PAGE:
The past year has undoubtedly been a difficult one for those who have been stuck inside because of the COVID-19 pandemic, but the Solano County Office of Education (SCOE) has come up with a way to get people outside while also learning about the different native wildlife in existence.
SCOE launched its first Outdoor Explorer Quest program in Lagoon Valley Park, allowing young and old alike an opportunity to become nature explorers, with smartphones and QR readers in hand, as they learn more about the different plants and animals that inhabit the park, from buckeyes to birds to beavers.
Jennifer Leonard — SCOE’s assistant superintendent of communications, community engagement and emergency management — said staff wanted to create an opportunity for students to go outside, spend time with family and hopefully spark an interest in nature.
“It was really about figuring out how to meet families where they’re at and engage in some type of fun activity and learning in the middle of a pandemic,” she said.
Leonard and SCOE Digital Media Manager Ernie Holly recently visited Lagoon Valley to find wildlife and gather footage. They also collaborated with subject matter experts at Solano Land Trust and Solano Resource Conservation to build a curriculum regarding the various local flora and fauna.
“Ernie and I had to do a lot of learning to put this contest together, so to be able to collaborate with other organizations in the county to have subject matter experts and to be able to use the land, that’s really huge,” she said. “We can enhance learning experience for teachers and for students, and we can pull resources and amplify all the great things that are already happening.”
The way it works is simple. On the program’s page on the SCOE website, people can download a Questcache map or access a Google Map of Lagoon Valley with different markers on where participants can find signposts with QR codes scattered throughout the park in areas where one might expect to find different kinds of plants or animals.
When participants visit the park and find the signposts, they can use a QR reader and receive links to pages with 90-second videos on specific wildlife narrated by Holly. The various animals featured include red-shouldered hawks, Columbian black-tailed deer, turkey vultures, beavers, squirrels, Canada geese and great blue herons. Plantlife includes California buckeyes, wavy-leafed soaproot, valley oak trees and poison oak.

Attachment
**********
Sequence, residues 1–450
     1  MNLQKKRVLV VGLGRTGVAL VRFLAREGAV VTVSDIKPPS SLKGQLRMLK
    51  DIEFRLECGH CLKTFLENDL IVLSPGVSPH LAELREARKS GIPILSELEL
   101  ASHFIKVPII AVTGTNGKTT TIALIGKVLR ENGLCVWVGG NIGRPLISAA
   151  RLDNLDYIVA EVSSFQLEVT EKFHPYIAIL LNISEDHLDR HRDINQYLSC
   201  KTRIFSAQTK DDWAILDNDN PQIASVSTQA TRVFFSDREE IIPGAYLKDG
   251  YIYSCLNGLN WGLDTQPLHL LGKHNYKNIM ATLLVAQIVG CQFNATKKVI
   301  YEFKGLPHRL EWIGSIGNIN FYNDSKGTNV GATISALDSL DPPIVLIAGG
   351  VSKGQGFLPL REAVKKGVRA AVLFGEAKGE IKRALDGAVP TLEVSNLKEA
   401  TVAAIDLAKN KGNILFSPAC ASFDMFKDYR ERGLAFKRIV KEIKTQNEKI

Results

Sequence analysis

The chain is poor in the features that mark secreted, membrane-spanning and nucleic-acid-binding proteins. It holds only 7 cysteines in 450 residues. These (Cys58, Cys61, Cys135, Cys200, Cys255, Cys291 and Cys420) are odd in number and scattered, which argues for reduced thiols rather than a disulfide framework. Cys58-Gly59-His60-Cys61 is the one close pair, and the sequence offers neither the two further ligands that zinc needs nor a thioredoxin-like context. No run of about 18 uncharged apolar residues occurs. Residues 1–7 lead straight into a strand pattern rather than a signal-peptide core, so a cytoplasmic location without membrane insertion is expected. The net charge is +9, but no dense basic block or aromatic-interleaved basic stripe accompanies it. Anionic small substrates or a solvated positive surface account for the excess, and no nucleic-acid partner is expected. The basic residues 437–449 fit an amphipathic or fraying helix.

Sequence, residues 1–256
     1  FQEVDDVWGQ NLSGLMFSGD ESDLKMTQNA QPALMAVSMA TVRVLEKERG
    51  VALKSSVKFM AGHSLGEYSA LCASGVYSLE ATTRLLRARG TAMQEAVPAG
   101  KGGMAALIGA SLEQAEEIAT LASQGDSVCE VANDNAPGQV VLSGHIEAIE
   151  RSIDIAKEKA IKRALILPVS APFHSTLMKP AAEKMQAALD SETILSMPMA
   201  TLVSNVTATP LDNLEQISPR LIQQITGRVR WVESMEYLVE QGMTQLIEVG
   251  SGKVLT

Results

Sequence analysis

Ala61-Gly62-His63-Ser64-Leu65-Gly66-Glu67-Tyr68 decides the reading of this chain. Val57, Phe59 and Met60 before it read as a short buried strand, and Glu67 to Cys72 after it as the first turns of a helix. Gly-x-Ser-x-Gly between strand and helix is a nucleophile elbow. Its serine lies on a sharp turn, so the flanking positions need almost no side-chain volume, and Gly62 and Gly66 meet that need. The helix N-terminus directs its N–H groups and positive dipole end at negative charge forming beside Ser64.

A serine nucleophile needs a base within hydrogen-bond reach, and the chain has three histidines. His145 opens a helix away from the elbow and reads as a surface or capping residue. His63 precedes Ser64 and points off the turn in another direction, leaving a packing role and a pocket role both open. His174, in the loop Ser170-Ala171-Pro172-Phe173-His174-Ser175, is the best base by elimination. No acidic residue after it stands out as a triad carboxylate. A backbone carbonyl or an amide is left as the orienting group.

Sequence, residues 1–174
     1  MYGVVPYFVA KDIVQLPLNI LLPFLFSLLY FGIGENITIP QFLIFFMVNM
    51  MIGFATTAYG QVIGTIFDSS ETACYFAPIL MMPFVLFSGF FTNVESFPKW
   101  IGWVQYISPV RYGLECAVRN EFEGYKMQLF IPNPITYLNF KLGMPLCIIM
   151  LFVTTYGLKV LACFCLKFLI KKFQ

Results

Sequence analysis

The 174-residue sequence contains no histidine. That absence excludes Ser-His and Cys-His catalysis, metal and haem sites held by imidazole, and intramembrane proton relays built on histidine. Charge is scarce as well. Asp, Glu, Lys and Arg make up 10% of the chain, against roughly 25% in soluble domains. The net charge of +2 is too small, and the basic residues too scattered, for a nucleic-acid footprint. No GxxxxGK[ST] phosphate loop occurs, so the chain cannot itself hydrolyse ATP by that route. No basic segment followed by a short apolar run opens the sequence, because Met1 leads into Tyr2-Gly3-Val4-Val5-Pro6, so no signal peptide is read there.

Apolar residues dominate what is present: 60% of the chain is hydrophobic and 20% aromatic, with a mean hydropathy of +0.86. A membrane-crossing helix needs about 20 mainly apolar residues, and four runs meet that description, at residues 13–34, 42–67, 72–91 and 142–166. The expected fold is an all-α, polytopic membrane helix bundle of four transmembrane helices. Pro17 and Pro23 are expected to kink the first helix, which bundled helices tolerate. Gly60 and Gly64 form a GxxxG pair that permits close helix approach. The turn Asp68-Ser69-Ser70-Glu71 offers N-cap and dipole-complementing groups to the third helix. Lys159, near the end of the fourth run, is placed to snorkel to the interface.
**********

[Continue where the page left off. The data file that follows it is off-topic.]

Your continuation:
The webpages will also include information such as an animal’s role in the ecosystem, when it migrates, how to identify them, what their tracks look like and additional resources for conservation and other topics.
While trying to find Questcache sites, participants may come across other animals at Lagoon Valley that are not part of the program, such as ducks, turtles and dragonflies.
Each page also has Quest Logs where participants can record their discoveries and receive Explorer Badges for them.
“There’s all kinds of things students can experience,” Leonard said.
The map has already received more than 600 views, Leonard said. Since SCOE has only done a little bit of social media promotion, she believes a lot of them are from people simply stumbling across it while visiting the park.
“I think most people are finding it from the signage in the park,” she said.
The plan is to expand the program even further. Leonard said SCOE partnered with Solano Land Trust for another course at Rush Ranch for the fall and with Solano RCD for other potential locations.
“The long-term goal is to really create something that can be implemented anywhere in the county with the depth of learning opportunities about plants and animals but also science concepts that are unique to the ecosystems around the county,” she said. “We hope to take this project wider.”
Leonard also said SCOE is working with the city of Vacaville on duplicating the entire course for another side of the park to make it more accessible for everyone.
“A lot of these (locations), depending on your fitness level and your mobility, they’re a little more accessible,” she said. “Some of them, though, require a strenuous hike up to the top of the hill.”
Leonard identified the Butcher Road side of the hiking trail as a potential location for a duplicate course that is more low-mobility that the current course.
Leonard also said research is being done to include the recognition of Indigenous uses of land into the pages. One such instance can currently be found on the valley oak page.
“We try to include active uses of acorns and the grinding stone that is actually at Pena Adobe Park in there and recognizing that, for thousands of years, this land was used by Indigenous people before we came along,” she said.
Leonard hopes the course will spark a sense of engagement among families who might not have gotten to explore the outdoors as much over the last 15 months.
“This has been an incredibly difficult year for many families and students,” she said. “We’re hoping to spark a connection, some learning, an opportunity to get outside and explore. Where it goes from there looks different for every student. If it sparks an interest in animals living here or interest in getting outside, that would be ideal, but we’re really just looking for something to engage students in something fun.”
The map for the program and additional information can be accessed at Solanocoe.net/quest.